Friday, February 28 | 1:00pm ET | 12:00pm CT | 11:00am MT | 10:00am PT
Every year, over 2.5 million people experience homelessness in the United States. We know that people of color, and especially Black people, are overrepresented in the homelessness system. Black people make up 40% of the homelessness population, and nearly 17% of older Black adults have experienced homelessness within their lifetimes. While important to disaggregate data by race, we must also understand the factors that drive these disparities.
New research from the HOPE HOME study in Oakland, CA examines the relationship between race, racial discrimination, and the experience of homelessness for older adults. In his research, Dereck Paul, an MD candidate at the UCSF School of Medicine, identified how structural racism contributed to study participants becoming or staying homeless and how structural racism may increase susceptibility to homelessness.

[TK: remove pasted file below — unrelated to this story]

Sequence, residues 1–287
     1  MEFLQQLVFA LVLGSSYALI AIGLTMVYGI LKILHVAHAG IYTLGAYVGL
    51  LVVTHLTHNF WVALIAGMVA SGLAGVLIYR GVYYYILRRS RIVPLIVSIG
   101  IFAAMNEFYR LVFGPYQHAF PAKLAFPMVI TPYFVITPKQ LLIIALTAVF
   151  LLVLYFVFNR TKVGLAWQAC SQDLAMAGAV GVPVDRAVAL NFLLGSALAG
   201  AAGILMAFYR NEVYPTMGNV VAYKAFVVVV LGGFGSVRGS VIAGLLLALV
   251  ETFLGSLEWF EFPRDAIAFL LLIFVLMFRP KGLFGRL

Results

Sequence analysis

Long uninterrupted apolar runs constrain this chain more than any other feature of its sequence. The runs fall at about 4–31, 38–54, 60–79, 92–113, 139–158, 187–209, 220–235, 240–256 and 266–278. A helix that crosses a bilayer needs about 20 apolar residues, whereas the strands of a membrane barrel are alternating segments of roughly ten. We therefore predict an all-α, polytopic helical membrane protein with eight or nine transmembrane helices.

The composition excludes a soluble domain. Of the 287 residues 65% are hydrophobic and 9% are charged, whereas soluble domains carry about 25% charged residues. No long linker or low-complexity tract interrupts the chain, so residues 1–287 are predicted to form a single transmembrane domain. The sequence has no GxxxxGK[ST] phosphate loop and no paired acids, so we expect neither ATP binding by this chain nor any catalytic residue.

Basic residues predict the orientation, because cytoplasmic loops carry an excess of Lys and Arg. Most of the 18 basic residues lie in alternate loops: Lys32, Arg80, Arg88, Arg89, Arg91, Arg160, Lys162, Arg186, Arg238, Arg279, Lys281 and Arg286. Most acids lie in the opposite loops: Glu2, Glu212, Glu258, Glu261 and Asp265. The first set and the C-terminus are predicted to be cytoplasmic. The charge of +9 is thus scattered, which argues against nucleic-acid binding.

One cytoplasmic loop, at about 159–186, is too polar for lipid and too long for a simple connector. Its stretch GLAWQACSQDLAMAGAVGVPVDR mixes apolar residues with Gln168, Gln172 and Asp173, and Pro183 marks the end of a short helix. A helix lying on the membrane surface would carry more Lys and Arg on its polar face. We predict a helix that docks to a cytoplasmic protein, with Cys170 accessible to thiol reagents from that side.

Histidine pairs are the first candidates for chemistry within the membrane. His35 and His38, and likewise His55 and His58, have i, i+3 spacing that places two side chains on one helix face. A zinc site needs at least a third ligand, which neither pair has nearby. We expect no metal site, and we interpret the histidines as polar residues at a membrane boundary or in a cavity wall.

Join this webinar to hear the findings from the HOPE HOME study and to learn how the relationships between racial discrimination and homelessness can serve as focal points for policies aimed at preventing homelessness. This webinar will not be recorded. Slides will be available post-webinar to full members of Funders Together.
- Dereck W. Paul, Jr., MD Candidate, UCSF School of Medicine
Please note that participation in this webinar is limited to private funders, including foundations, United Ways, corporate giving programs, individual philanthropists, and philanthropy serving organizations (PSOs). If you have questions about your eligibility to register, please contact Stephanie Chan, Director of Membership and Programs at Funders Together to End Homelessness.
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